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Excessive Hardener Yellowing
Posted by: Mark Talmo (---)
Date: May 24, 2020 06:30PM

Through my composite experience, I am aware that virtually all epoxies will eventually yellow, some more than others. Whether in the cured state or still liquid in the bottle/can, this can be most commonly due to oxidation or UV factors. In my five years of rod building, I have experienced yellowing, even browning, of the thread finish hardener while still in the bottle, but not to an excessive, unusable degree. However, with the last kit of ProKote regular I purchased about four months ago, the hardener was considerably darker than my remaining ProKote hardener which is two-three years old. The unopened, new hardener, which has been stored in a cardboard box, has continued to darken to the point it has become a dark purplish-brown; so dark in fact that I would be uncomfortable using it for thread wraps. I did not get around to returning it but should have (old stock?).
My questions are; 1.) Have any of you experienced similar? 2.) Why would one bottle of hardener darken immensely more than previous others of the same brand?
I am not picking on ProKote; it has always performed reliably and adequately since I started wrapping rods. This situation is new to me.
Please view the attached photos if you care to do so. The third/last photo shows the color comparison between the old and new hardener.
[www.rodbuilding.org]
[www.rodbuilding.org]
[www.rodbuilding.org]
Thank you for taking the time to explain and teach me.

Mark Talmo
FISHING IS NOT AN ESCAPE FROM LIFE BUT RATHER A DEEPER IMMERSION INTO IT!!!

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Re: Excessive Hardener Yellowing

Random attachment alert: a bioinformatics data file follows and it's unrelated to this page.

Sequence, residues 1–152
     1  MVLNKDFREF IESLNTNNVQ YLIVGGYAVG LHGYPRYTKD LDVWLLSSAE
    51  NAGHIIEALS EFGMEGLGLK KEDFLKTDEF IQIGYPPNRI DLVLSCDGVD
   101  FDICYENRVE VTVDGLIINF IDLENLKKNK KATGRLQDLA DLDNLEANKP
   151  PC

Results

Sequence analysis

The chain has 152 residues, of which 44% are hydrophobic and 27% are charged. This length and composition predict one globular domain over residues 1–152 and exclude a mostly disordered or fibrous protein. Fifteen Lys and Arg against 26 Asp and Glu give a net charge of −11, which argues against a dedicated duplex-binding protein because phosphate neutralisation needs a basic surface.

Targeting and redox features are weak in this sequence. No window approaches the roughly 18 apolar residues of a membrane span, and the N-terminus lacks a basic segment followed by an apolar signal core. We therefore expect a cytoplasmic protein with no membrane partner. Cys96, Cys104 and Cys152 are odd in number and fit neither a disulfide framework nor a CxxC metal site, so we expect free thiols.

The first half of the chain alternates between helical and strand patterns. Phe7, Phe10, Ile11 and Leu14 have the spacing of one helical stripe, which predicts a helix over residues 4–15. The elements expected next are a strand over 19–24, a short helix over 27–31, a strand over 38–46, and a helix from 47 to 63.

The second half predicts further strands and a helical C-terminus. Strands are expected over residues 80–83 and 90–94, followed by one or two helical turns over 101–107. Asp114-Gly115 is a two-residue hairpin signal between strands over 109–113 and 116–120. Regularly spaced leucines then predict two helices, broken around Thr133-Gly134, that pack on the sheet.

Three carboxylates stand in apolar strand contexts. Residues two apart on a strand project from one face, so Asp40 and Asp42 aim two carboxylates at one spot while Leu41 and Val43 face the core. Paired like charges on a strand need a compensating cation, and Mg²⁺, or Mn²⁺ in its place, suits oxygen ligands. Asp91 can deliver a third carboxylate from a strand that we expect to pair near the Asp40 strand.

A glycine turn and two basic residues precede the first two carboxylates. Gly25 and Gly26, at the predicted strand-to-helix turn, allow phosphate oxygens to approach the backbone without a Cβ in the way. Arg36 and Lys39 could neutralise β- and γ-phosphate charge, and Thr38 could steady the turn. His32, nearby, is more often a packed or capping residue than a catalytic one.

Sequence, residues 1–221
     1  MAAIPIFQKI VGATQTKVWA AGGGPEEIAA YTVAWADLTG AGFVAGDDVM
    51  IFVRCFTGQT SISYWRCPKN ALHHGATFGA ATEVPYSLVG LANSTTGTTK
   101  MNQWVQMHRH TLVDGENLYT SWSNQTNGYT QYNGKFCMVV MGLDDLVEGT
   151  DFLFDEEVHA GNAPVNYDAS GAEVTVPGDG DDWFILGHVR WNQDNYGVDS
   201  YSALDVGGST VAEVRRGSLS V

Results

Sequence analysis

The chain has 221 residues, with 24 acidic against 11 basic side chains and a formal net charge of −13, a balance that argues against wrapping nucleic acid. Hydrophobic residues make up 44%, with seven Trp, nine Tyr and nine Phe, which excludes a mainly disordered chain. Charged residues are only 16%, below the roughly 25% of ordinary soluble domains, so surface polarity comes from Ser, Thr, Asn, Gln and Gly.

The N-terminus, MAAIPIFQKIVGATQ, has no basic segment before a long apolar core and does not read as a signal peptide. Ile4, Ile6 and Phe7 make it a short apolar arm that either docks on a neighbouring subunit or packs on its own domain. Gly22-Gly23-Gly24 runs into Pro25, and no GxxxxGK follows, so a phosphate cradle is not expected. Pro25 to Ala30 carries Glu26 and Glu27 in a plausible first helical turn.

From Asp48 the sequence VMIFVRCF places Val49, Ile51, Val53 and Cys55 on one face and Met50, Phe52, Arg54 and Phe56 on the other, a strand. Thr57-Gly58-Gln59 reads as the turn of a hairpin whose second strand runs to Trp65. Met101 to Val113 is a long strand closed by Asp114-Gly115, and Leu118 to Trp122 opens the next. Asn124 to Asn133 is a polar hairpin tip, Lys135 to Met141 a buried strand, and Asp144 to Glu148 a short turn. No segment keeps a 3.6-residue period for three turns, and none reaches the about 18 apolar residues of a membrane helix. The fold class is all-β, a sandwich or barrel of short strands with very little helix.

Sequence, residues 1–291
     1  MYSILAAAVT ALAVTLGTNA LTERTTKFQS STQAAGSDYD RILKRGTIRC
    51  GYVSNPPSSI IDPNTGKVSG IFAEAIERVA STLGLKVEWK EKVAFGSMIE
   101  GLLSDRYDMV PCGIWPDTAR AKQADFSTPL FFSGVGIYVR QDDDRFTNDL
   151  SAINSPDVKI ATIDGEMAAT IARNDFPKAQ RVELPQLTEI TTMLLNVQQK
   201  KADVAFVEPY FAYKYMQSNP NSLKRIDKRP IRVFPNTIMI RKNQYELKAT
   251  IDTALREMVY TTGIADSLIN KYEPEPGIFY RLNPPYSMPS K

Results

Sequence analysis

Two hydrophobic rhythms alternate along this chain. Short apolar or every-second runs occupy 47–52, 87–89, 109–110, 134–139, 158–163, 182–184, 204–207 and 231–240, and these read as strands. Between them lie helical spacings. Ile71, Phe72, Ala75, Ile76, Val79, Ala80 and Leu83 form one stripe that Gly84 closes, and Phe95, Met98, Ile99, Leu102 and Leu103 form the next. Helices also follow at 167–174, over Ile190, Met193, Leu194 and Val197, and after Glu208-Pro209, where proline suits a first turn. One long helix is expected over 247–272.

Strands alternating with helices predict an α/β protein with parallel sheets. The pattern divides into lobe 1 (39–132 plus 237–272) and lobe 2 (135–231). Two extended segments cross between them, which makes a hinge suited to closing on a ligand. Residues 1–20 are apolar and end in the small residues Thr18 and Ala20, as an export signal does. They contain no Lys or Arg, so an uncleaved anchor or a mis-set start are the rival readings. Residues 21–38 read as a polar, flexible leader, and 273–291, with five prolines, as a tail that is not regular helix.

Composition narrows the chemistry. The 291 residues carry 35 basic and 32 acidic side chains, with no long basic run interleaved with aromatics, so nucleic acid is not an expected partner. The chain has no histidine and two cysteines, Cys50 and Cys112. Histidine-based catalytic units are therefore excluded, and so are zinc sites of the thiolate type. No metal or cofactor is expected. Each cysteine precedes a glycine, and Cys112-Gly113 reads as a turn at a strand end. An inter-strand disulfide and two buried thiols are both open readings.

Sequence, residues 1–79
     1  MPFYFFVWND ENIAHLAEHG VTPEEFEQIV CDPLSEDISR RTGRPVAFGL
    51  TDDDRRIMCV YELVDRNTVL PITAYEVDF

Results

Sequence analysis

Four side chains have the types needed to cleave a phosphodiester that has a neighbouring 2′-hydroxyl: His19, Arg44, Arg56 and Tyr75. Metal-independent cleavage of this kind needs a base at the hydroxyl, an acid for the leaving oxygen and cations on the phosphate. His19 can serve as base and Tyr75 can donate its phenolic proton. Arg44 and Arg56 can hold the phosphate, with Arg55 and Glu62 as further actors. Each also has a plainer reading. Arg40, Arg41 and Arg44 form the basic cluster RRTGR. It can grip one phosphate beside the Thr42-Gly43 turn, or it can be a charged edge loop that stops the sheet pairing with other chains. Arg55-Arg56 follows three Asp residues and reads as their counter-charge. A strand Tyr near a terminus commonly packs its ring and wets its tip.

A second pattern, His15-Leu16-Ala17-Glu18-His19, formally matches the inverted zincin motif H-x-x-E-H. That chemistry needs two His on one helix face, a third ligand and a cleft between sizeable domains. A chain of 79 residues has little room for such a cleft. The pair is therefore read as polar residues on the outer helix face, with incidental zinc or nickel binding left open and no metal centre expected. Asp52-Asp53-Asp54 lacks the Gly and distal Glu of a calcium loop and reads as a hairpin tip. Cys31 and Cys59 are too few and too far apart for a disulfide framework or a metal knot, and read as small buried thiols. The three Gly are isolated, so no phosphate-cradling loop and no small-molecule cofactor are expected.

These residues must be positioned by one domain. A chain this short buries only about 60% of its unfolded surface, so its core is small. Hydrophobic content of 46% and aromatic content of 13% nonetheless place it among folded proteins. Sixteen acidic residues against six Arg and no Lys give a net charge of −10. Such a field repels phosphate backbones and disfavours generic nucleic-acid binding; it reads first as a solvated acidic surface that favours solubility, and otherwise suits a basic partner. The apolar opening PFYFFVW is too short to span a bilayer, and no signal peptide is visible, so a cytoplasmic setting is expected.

Posted by: Tom Kirkman (Moderator)
Date: May 24, 2020 06:47PM

They're all going to turn - in the bottle or on the rod.

..............

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Re: Excessive Hardener Yellowing
Posted by: Mark Talmo (---)
Date: May 24, 2020 08:18PM

Tom,
Thank you for the reply. While I have experienced and agree with you that all epoxy hardeners will eventually “turn” as you stated, I am concerned with why this new bottle has turned immensely darker over a considerably shorter period of time than any of the previous bottles of the same brand hardener. Did you get an opportunity to view the comparison photo? Although I was not fortunate enough to meet or converse with Ralph O’Quinn, none the less I miss him!

Mark Talmo
FISHING IS NOT AN ESCAPE FROM LIFE BUT RATHER A DEEPER IMMERSION INTO IT!!!

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Re: Excessive Hardener Yellowing
Posted by: Tom Kirkman (Moderator)
Date: May 24, 2020 08:46PM

The "new" bottle, may have been sitting on the dealer's shelf for some time. Or... it could have been at the manufacturer's/re-bottler's warehouse for longer than normal.

................

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Re: Excessive Hardener Yellowing
Posted by: Mark Talmo (---)
Date: May 25, 2020 12:53AM

Thanks again, Tom. I suspect you may be correct in that it was simply old stock. But it must have been extremely old stock if that much darker (and noticeably darkening further each week) than my present 2-3 year old on-hand supply. That is what has me baffled. Once again, I should have immediately returned it. I am still interested in other’s experiences, ideas and comments. Please offer your opinions, thoughts and reasoning.

Mark Talmo
FISHING IS NOT AN ESCAPE FROM LIFE BUT RATHER A DEEPER IMMERSION INTO IT!!!

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Re: Excessive Hardener Yellowing
Posted by: Michael Sutheimer (---.wi.res.rr.com)
Date: May 25, 2020 02:40AM